if God made everything, said it was good, and told us humans to be responsible, do you think he approves of what we've done and are doing?

Eric
eng

Kelly Reed said...

Eric,

To answer your question first, I think the key word in your statement is the fact that when God created the world, it WAS good. The greatest act of environmental destruction the human race has ever done, or will ever do, is to bring sin into it, subjecting creation itself to death and frustration to the point that it groans as in childbirth--Romans 8:19-22. It makes me wonder if the "Stones cry out" if this is what they would be crying out about.

With that said, everything that we are doing to the planet today is simply a symptom of the larger disease of sin. Is God happy about it, no way, in fact He has actively done something to change it all and restore the "old" into the "new creation" something even better.

With that said, does dominion mean we have the authority to do anything and everything we want? No, should we be more responsible as stewards and caretakers of the earth, yes. As much as it is a sin to abuse and "slash & burn" the earth, I also believe it is a sin to ever see the creation as more valuable or more important than a human being. The Garden of Eden was created for man, not man for the Garden--and yet our first "job" was to be a gardener!

We fail in our role when we don't care for the earth, but I have no doubt that if there was ever a choice in the mind and heart of God between the earth and the man, He would choose to the man. And yet God does both by saving man from sin in Christ, and restoring the earth though Christ--a man.

Good points on evolution--that's the kind of discussion I would love to see more of here. The various levels of meaning and contextual use are important distinctions that most of the time are just assumed. Most public debate seems to be more concerning the questions of origins than in the process itself.

I for one can see the instances of "micro"--change within a species, but have a harder time seeing "macro"--change into another species.

While there are many reasons I could point to, one I have not seen discussed, and maybe you have some light to shed on it, is the lack of change over time within some species. If it took time and mutation to create a distinct species, how is it that the process stops and we have creatures, like the ceolocanth or some shark, crocodile, etc. that have not changed in over 250,000,000 years?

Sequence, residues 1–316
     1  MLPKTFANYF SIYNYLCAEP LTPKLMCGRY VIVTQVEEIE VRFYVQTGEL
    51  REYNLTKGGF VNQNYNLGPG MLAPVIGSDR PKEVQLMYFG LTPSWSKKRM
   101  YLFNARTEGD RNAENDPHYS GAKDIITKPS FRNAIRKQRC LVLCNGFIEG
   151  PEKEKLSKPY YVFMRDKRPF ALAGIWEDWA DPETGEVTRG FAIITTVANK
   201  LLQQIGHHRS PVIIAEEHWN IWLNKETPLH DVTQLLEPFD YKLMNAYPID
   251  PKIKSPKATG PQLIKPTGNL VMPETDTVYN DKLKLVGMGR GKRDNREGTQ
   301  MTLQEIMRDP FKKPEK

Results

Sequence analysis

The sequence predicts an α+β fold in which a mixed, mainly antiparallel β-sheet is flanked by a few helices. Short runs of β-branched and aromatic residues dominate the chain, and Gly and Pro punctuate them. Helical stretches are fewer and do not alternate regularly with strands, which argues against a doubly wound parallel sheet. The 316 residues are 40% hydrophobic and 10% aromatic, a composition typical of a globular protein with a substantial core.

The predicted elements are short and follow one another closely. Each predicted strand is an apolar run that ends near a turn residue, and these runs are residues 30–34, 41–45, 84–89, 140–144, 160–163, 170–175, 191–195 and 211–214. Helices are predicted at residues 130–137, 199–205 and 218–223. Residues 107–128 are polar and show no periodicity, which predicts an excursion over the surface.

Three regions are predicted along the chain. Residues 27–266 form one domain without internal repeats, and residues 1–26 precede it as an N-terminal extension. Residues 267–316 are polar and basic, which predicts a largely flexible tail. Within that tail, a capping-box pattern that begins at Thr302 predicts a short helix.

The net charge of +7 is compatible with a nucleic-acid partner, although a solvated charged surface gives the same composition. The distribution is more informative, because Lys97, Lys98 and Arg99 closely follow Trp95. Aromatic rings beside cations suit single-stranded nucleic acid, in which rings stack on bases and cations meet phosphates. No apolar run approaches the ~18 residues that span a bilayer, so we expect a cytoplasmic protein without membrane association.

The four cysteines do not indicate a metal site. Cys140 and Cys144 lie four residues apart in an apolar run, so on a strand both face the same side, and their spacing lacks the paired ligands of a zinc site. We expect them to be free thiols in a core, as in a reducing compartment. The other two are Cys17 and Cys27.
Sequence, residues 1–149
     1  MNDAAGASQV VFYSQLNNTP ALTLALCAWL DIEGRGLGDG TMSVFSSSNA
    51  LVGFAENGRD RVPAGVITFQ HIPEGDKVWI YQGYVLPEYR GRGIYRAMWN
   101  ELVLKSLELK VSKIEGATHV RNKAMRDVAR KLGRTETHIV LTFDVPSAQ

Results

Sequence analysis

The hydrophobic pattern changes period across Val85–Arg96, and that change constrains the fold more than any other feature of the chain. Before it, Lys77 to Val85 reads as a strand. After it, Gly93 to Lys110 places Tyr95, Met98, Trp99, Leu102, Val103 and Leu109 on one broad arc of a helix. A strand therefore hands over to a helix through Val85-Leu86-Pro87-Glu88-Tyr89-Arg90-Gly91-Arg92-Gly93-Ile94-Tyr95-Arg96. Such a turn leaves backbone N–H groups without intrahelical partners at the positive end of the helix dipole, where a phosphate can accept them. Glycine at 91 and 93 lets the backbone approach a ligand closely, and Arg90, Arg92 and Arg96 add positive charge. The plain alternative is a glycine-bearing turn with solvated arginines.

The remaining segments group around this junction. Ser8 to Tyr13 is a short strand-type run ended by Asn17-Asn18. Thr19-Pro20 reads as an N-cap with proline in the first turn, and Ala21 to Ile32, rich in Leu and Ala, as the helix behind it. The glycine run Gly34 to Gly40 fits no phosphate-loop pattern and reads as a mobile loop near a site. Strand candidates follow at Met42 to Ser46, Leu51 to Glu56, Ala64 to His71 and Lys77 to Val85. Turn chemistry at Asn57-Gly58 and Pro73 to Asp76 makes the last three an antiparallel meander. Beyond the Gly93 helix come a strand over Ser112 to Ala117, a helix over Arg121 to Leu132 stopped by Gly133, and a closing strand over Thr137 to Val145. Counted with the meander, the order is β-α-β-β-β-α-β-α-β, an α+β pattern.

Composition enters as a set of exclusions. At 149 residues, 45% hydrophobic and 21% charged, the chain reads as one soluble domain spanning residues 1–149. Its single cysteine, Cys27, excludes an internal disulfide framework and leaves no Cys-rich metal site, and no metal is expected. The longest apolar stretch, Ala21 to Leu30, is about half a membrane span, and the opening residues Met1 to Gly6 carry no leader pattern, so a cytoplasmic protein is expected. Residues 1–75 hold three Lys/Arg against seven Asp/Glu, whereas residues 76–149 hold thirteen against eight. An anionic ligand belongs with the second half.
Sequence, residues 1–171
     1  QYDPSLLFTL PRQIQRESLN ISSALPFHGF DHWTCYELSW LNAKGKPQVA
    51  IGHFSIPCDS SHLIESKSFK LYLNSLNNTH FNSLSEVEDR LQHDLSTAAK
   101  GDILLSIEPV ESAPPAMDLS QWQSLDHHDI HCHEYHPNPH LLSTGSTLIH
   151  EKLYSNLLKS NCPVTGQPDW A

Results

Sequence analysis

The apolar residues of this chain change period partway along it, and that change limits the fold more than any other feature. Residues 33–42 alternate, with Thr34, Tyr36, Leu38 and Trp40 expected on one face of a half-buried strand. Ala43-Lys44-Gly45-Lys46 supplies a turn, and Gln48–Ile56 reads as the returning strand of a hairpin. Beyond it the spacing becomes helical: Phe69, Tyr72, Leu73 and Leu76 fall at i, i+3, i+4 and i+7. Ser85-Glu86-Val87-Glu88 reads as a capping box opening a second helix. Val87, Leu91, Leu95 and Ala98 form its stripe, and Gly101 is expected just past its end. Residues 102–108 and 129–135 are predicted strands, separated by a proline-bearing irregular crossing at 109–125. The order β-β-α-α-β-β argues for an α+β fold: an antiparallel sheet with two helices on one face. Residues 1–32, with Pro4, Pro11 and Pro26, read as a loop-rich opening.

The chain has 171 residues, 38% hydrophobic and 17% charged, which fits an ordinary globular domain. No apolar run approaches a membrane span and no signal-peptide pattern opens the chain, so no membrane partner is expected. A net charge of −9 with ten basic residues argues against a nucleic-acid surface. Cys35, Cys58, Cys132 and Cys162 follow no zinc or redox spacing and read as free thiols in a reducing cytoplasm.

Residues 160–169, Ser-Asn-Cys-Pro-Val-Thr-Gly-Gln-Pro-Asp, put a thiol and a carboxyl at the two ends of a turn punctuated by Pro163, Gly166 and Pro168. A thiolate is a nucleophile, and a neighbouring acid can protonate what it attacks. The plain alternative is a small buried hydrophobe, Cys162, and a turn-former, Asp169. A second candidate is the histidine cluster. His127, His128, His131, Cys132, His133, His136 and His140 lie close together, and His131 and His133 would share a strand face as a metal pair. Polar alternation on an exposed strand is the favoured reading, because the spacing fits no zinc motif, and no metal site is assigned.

We call them "living fossils" because considering how far back these fossils go, they shouldn't be the same today if the process is continual and on autopilot.

I also am concerned when discussion points to human evolution. I believe we are a unique and special creation of God and not just a slightly more evolved ape--see above discussion with the Garden.

One question that came to my mind the other day that I've wanted to ask you was concerning Calvinism and Intelligent Design. I know you don't think ID should be taught as a science, but do you consider the Hand of God to be a guiding/designing hand in the evolutionary process? I ask this b/c of the way Calvinism emphasises the complete and total sovereignty of God--how could His hand NOT be involved in the process if that is what He used? If that is the case, then would it be possible to see His "fingerprints" from time to time?

Thank you for participating Eric, I look forward to reading your thoughts.

Pursuing Answers to Questions of Faith & Life,

Kelly

Anonymous said...

Thought I left a comment but...

1: living fossils. Living fossils are species which have survived with very little evolutionary change for long periods of time. Remember evolution always picks the organism that is the better at surviving to reproduce. If the species isn't outcompeted by another it will hang on. Coelecanths are actually a good example of gradual decline: there are only about 1000 left in the world.